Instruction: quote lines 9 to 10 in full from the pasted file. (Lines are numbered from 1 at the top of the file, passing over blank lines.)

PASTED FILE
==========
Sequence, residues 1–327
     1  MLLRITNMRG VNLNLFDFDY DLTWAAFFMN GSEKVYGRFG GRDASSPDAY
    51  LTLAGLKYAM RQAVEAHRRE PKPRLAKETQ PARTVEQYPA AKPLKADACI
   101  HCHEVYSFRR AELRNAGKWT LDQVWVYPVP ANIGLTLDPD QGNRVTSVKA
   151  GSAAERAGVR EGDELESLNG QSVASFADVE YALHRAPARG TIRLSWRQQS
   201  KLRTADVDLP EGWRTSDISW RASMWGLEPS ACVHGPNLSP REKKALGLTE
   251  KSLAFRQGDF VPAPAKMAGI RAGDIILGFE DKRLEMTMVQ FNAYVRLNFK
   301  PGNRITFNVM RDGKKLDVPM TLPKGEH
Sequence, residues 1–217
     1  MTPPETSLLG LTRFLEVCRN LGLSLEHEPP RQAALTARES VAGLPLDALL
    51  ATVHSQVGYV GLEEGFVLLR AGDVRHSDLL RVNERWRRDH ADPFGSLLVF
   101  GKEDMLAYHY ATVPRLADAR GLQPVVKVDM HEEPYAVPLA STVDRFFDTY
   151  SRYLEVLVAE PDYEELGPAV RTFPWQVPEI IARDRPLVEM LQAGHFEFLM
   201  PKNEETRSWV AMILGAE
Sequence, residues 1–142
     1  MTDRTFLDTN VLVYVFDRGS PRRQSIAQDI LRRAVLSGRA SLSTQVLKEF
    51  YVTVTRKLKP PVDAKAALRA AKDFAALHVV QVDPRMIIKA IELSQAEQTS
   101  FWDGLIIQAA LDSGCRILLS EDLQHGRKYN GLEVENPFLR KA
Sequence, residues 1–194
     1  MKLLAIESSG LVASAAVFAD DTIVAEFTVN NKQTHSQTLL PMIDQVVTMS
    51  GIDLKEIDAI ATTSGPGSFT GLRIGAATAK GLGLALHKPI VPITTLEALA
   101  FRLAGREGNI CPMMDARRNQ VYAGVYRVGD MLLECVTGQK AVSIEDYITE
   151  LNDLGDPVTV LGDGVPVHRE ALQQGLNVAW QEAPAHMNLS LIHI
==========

Sequence, residues 1–217
     1  MTPPETSLLG LTRFLEVCRN LGLSLEHEPP RQAALTARES VAGLPLDALL